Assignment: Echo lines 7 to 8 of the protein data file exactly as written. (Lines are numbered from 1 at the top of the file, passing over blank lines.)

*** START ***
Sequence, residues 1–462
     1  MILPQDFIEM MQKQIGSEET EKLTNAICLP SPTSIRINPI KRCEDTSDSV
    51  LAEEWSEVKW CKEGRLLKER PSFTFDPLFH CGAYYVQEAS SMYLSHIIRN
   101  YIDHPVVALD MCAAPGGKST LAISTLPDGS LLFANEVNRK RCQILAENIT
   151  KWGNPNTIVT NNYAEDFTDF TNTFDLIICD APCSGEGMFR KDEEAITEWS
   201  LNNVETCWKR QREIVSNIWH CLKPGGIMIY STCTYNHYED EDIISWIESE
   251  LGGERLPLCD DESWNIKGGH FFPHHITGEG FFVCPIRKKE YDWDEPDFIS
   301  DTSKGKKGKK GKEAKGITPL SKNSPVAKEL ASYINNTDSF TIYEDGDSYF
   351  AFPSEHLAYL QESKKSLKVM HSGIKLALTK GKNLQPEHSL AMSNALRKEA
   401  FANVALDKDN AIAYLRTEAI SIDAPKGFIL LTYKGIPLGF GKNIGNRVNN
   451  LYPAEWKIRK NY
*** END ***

   251  LGGERLPLCD DESWNIKGGH FFPHHITGEG FFVCPIRKKE YDWDEPDFIS
   301  DTSKGKKGKK GKEAKGITPL SKNSPVAKEL ASYINNTDSF TIYEDGDSYF